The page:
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Black Friday, Thanksgiving Day foot traffic falls slightly: ShopperTrak

  • Foot traffic at retailers across the country this holiday weekend wasn't as strong when compared to last year, a retail tracking firm said on Saturday.
  • Still, more consumers were turning to their mobile phones — spread across the entire month of November — to shop for deals.
Shoppers purchase electronics and other items at a Best Buy on November 26, 2015, in San Diego, California.
Getty Images
Shoppers purchase electronics and other items at a Best Buy on November 26, 2015, in San Diego, California.

Foot traffic at retailers across the country this holiday weekend may not have been as strong this year when compared to last, a retail tracking firm said on Saturday, despite effusive early results from some retailers.

Preliminary data tracking shoppers' visits to physical stores on Thanksgiving Day and Black Friday shows a year-over-year decline of 1.6 percent, ShopperTrak said. Meanwhile, store visits solely on Black Friday dropped less than 1 percent compared with 2016, essentially remaining unchanged.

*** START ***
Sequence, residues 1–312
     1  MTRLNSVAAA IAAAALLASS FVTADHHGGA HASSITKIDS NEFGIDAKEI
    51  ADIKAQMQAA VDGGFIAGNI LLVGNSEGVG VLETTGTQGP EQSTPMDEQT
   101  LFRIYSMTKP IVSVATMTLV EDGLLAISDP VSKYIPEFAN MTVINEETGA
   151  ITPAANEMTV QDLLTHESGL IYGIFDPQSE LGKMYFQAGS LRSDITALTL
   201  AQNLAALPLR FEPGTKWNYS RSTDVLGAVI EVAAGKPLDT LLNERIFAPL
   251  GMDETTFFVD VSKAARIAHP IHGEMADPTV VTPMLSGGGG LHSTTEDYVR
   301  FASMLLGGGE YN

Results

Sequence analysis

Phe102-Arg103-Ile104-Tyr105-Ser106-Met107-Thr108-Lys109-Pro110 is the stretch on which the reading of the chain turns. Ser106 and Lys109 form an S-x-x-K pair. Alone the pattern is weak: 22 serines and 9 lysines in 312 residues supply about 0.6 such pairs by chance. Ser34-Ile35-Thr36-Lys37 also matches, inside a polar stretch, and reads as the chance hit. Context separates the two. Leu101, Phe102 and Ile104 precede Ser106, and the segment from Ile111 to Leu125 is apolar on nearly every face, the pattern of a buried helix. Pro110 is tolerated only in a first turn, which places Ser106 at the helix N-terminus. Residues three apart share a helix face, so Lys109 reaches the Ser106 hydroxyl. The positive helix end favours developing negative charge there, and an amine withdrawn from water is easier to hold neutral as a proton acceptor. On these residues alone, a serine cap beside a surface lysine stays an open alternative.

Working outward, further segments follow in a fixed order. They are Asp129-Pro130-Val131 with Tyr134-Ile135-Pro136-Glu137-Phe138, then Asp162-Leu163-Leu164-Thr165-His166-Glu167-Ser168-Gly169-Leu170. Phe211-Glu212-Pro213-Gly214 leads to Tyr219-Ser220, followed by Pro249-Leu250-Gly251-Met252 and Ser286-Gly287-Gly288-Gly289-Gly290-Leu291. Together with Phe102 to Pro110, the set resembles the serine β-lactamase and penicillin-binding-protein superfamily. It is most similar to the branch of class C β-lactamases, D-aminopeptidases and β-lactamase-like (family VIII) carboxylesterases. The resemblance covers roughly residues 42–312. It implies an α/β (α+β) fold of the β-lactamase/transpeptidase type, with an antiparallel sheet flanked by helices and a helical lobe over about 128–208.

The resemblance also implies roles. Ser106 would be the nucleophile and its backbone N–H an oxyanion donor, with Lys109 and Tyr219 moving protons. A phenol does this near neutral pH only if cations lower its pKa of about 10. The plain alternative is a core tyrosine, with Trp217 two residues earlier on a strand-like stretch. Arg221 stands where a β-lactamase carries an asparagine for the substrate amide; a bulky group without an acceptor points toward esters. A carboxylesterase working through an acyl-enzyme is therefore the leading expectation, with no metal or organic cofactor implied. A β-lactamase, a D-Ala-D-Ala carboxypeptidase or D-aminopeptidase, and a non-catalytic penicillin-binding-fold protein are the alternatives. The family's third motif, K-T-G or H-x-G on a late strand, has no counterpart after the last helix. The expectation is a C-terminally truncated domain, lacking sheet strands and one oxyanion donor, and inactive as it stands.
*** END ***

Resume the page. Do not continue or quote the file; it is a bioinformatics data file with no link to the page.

However, ShopperTrak's data doesn't necessarily mean overall holiday sales were weaker. Separate figures suggested that, rather than going into brick-and-mortar stores, an increasing number of consumers turned to their mobile phones during the entire month of November to shop for deals.

"There has been a significant amount of debate surrounding the shifting importance of brick-and-mortar retail, and the fact that shopper visits remained intact on Black Friday illustrates that physical retail is still highly relevant and, when done right, profitable," Brian Field, senior director of advisory services for ShopperTrak, said in a statement.

The early traffic results imply that online buying continues to take a larger share of shoppers' dollars during the holidays.

Though many retailers have boasted long lines at stores this year, the growth looks muted at best. Meantime, more companies are pushing discounts earlier in the month, and promoting Black Friday sales simultaneously via the Web.

"We know that opening on Thanksgiving Day was merely pulling shopping visits from Black Friday, as opposed to creating an additional opportunity for shoppers to hit the stores," Field said about that strategy.

Adobe Insights, which measures 80 percent of digital spending from 100 major U.S. retailers, said a record $5.03 billion was spent online by the end of Black Friday, an increase of 17 percent from a year ago.

Purchases made on mobile devices accounted for nearly 37 percent of total revenue that day, Adobe found.

Despite brisk Internet sales, ShopperTrak said the season isn't over for physical retail just yet, with eight of 10 anticipated "busiest shopping days" still left to go. That includes Dec. 23 and Dec. 16.

ShopperTrak will share additional insights regarding Black Friday this upcoming week.